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Google looks to be expanding its commuter ferry boat service

While Google bus protests continue, the Web giant tests another ferry service to bring employees from the East Bay to its Silicon Valley campus.

The All-American Marine Triumphant ferry transported workers from San Francisco to near Google's campus on a trial basis last month. All-American Marine/YouTube

Just as Google's San Francisco ferry service trial ends, the company is firing up another trial on the other side of the bay -- in Alameda, according to the San Francisco Examiner.

This new service will bring Google employees from Oakland, Berkeley, and Alameda to Redwood City in a week-long trial. According to the Examiner, the Water Emergency Transportation Authority executive director Nina Rannells said that the authority "has a long-term strategic plan for expanding ferry service in San Francisco Bay," and Google's service will complement public ferry services.

A Google spokesperson told CNET, "We certainly don't want to cause any inconvenience to Bay Area residents and we're trying alternative ways to get Googlers to work."

Last month, Google made a deal with a private firm to begin transporting its employees on high-speed ferries for a month-long trial from San Francisco to Redwood City. The contracted catamaran carried up to 149 passengers and ran four trips a day -- two in the morning and two in the evening.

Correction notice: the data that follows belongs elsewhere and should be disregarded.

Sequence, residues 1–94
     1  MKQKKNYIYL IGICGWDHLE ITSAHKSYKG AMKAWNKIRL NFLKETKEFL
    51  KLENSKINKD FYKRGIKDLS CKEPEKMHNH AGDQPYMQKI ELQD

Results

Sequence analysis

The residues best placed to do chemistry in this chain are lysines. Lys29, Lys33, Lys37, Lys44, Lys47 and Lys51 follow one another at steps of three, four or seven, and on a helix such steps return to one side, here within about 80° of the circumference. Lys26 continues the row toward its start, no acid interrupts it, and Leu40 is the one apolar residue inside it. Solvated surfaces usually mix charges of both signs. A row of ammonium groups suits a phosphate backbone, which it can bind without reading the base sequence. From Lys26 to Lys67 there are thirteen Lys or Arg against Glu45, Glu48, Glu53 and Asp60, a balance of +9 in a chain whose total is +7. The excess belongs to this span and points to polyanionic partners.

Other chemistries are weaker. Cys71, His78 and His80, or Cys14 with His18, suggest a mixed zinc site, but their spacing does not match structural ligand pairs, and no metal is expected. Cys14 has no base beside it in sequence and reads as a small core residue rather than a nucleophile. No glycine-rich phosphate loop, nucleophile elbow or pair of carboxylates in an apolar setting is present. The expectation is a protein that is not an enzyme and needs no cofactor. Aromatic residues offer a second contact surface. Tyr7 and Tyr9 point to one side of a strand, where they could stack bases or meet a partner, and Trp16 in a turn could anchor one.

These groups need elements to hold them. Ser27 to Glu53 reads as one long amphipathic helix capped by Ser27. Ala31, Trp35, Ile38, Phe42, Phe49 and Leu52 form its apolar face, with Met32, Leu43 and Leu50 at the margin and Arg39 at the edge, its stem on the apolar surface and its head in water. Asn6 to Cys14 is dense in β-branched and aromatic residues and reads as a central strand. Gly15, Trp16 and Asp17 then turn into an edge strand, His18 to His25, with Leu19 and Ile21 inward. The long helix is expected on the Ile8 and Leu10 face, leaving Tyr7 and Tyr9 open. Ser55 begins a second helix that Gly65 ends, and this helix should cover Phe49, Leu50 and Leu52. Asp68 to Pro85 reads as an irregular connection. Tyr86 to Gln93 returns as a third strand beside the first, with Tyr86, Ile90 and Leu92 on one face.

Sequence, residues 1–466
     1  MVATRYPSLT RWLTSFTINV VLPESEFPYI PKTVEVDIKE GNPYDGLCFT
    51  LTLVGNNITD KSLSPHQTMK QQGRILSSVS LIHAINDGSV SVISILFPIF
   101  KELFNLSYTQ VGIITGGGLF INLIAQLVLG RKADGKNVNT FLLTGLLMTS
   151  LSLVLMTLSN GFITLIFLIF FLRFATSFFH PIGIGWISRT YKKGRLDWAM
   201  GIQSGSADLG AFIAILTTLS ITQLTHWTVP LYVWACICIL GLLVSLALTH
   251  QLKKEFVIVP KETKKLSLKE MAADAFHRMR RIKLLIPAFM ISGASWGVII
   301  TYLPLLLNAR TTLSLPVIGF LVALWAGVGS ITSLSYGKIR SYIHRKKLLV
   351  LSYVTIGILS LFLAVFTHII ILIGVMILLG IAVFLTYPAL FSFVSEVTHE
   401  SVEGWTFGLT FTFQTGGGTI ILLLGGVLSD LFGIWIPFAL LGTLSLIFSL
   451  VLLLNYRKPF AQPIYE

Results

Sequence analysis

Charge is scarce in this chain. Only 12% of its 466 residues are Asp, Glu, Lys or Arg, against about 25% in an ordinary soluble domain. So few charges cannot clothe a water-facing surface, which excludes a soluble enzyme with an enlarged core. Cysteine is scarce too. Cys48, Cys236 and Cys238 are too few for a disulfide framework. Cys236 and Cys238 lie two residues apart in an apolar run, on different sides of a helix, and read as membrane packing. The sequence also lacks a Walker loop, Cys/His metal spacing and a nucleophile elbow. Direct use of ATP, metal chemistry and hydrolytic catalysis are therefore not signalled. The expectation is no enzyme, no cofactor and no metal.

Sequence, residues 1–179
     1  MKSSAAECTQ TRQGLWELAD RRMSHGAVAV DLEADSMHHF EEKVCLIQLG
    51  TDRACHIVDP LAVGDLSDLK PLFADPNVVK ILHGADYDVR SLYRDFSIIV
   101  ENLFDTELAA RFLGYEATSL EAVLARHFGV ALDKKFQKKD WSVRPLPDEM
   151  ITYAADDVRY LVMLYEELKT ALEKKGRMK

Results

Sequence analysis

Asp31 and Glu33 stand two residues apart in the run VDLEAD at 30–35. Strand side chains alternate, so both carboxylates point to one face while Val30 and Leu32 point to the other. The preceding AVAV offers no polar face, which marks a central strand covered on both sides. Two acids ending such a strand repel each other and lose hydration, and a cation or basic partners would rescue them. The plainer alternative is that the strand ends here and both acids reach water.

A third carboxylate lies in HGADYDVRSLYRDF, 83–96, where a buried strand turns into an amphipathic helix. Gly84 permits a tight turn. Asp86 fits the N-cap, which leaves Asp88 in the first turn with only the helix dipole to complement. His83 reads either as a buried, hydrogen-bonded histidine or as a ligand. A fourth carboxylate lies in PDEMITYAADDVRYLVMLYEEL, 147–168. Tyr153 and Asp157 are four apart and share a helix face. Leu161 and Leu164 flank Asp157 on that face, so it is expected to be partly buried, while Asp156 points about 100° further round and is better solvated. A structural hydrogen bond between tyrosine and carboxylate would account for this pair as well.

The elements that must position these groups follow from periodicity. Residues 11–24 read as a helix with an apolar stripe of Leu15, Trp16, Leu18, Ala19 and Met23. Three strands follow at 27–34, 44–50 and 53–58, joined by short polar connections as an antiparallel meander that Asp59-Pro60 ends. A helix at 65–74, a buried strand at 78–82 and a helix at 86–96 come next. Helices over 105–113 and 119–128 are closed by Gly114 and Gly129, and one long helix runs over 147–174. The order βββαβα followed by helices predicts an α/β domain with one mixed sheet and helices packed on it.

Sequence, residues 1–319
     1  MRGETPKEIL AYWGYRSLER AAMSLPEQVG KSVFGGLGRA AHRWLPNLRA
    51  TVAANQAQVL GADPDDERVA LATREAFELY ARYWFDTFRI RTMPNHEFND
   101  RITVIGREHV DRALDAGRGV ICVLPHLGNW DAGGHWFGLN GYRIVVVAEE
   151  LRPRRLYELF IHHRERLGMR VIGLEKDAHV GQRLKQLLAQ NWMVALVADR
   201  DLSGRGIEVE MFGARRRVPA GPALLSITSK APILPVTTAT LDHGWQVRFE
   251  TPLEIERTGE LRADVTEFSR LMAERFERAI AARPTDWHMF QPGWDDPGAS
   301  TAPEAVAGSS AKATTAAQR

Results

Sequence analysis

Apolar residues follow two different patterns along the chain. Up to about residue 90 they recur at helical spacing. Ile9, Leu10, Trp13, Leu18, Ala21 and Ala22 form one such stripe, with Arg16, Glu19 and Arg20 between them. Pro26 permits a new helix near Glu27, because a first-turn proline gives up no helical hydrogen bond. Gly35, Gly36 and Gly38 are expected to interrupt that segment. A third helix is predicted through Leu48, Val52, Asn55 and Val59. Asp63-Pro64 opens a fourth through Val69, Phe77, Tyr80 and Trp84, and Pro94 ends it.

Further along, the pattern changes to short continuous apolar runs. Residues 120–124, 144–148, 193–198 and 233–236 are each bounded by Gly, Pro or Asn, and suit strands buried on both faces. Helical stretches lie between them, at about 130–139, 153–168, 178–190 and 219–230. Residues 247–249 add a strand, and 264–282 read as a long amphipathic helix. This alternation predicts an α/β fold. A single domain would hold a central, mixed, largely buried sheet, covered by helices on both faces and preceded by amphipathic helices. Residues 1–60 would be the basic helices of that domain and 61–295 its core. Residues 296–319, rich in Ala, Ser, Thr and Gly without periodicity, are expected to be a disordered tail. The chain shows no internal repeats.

Google and other tech companies have been under fire from San Francisco and Oakland residents for their bus shuttle service to and from Silicon Valley. Protesters have been upset with, among other things, the rising rents due to highly paid tech workers moving into the city. There has been an incidence of raised rents and home prices around the bus pick-up and drop-off locations.

Adding to the resentment is the fact that the buses pick up passengers at stops designated for the city's official public transportation without paying the city. However, San Francisco Mayor Ed Lee announced last month that the city would start charging the tech buses for stopping at public bus stops.

As far as paying the city for the ferry service, Google has said it will pay the Water Emergency Transportation Authority $275 per landing for the East Bay service, according to the Examiner. Google will also pay for off-site parking and a shuttle service to the ferry landing since Google employees won't be allowed to park in the ferry parking lot or neighborhood streets.

It's unclear if and when these Google ferry services will become permanent fixtures in the bay.

Update, February 5 at 12:35 p.m. PT: Adds comment from Google spokesperson.